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Egypt's Story of National Dialogues

Sleeves are rolled up in preparation for the Egyptian “National Dialogue,” which President El-Sisi, unexpectedly, called for, last month. Since the second week of May, media institutions, human rights organizations, and political parties, including the opposition, have been gathering members and affiliates to set the priorities that they plan to discuss in the prospected meeting with the Egyptian President and top state officials, in the coming few weeks. Hopes are high that this particular national dialogue be different, in terms of proceedings and outcomes, from the similar dialogues that took place during the past ten years.

President El-Sisi’s call for national dialogue is rare. This is the first time, since he took office in mid-2014, to make such an invitation. However, the practice of holding national dialogues is, in fact, not foreign to the Egyptian political culture. In the past decade alone, while Egypt was struggling to navigate through the aftermath of the Arab Spring, at least three national dialogues were held by three different political leaders, with the purpose of either discussing an existing challenge or planning for a future ambition.

In March 2011, less than two months after the fall of the Mubarak regime, the interim government of Prime Minister Essam Sharaf, in coordination with the Supreme Council of Armed Forces (SCAF), called for a “national dialogue” with political parties and activists to study state priorities in handling the consequences of the revolution and building a new state leadership. "The national dialogue is open to all the Egyptian parties, trade unions, and civil society organizations, without any preconditions or limitations. This is a very important event that will help determine the future of Egypt;” the then Prime Minister Essam Sharaf stressed. Although the event attracted wide participation by local actors and much attention in the international media, it did not yield any useful results.

Two years later, in January 2013, the Muslim Brotherhood regime, which was in charge then, called for a national dialogue with the opposing secular parties to cool down the angry streets. The invitation came in response to violent protests that erupted on the anniversary of the revolution. In an official statement, at that time, the Muslim Brotherhood government described the presidential call for dialogue as a “broad national dialogue that is open for all members of the political elite to discuss political differences and ensure holding fair and transparent parliamentary elections after amending the constitution.” However, the extreme ideological differences between the secular opposition and the Islamist regime made it difficult for this dialogue to happen.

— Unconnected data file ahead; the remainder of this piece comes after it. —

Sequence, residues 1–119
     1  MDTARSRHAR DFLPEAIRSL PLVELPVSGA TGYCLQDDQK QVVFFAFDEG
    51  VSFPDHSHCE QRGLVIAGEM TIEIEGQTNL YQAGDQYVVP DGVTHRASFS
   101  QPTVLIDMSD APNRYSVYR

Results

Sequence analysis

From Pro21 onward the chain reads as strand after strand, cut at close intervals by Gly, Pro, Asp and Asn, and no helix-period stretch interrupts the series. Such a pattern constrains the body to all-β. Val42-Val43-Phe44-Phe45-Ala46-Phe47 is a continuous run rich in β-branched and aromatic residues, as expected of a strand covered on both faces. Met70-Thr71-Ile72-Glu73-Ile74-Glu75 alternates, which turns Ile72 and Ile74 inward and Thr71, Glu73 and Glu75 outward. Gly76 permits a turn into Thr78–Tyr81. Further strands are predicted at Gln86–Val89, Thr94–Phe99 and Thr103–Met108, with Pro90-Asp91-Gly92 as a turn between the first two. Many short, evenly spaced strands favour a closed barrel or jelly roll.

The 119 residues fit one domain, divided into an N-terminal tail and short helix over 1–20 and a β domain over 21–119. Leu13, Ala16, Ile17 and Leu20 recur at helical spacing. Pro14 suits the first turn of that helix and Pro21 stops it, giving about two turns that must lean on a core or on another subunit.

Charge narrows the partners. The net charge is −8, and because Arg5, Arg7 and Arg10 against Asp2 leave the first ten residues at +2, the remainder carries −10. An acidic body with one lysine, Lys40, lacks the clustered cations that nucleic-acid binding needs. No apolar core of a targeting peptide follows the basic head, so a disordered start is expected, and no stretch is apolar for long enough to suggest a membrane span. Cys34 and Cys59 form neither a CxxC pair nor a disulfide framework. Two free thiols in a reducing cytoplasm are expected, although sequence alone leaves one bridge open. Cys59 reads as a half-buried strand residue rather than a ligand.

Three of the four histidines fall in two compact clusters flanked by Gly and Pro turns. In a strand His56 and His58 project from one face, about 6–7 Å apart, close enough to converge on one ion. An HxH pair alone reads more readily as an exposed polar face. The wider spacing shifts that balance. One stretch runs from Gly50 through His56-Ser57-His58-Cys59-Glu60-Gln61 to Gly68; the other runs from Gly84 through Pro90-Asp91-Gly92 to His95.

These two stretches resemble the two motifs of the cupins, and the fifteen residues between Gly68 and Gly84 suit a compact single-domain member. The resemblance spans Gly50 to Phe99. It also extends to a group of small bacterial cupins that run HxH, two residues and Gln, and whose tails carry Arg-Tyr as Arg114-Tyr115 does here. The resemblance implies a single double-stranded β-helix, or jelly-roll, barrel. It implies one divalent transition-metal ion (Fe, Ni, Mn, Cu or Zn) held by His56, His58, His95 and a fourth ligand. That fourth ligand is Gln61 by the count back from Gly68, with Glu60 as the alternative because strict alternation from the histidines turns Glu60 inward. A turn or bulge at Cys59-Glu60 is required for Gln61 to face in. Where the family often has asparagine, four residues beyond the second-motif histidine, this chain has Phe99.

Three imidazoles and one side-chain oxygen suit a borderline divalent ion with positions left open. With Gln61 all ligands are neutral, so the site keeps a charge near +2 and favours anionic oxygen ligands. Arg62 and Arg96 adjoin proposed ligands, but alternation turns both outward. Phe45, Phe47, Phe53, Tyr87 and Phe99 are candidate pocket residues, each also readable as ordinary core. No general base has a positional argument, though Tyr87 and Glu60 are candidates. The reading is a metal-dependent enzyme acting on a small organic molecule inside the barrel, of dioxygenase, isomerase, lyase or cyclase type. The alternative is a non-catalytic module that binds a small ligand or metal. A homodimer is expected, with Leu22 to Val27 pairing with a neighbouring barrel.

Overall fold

When the Chair of the Constitutional Court, Adly Mansour, took state leadership on interim conditions, following the overthrow of the Muslim Brotherhood regime, in July 2013, one of the first decisions that he made was holding a national dialogue. Mansour’s national dialogue hosted about sixty persons from the politicians and the young political activists, who organized or endorsed the uprising against the Muslim Brotherhood regime. The goal was to discuss the practical means for implementing the roadmap that the then Minister of Defense, Abdel Fattah El-Sisi, had announced. This “national dialogue” lasted for only one day, but the political momentum of that time helped later on with applying its outcomes on the ground.

The latest call for such a national dialogue, happened only last month, when Egypt’s President, Abdel Fattah El-Sisi, called for holding “an inclusive political dialogue that is compatible with the concept of the New Republic.” The term “New Republic” has been widely used by local media to refer to the socio-economic reforms that the current state has been devoted to creating from the ruins of the Arab Spring era.

If successfully executed, this dialogue will mark the beginning of a whole new era of political inclusiveness, that Egypt gravely needs. One of the lessons learned the hard way from the Arab Spring experience is that political diversity is key to ensuring the cohesiveness and strength of the nation-state, in the long term. A political system that lacks diversity, no matter how politically popular or militarily strong it is, makes the nation-state prone to polarization and failure.

The prospected national dialogue is different in that it is not happening amid a political crisis or during a time of political instability. Also, the dialogue is expected to discuss various topics that are not limited to political reform. This includes, for example, the current global crisis and its influence on the Egyptian economy.

However, it would be a mistake to bet on this national dialogue for fixing the entire political scene and making Egypt a more democratic country. Rather, as President El-Sisi noted last week, this dialogue should be seen as “an opportunity to listen to each other as we all have a lot to say on different issues that affect us all in this critical political moment.”

Also, read on Sada Elbalad


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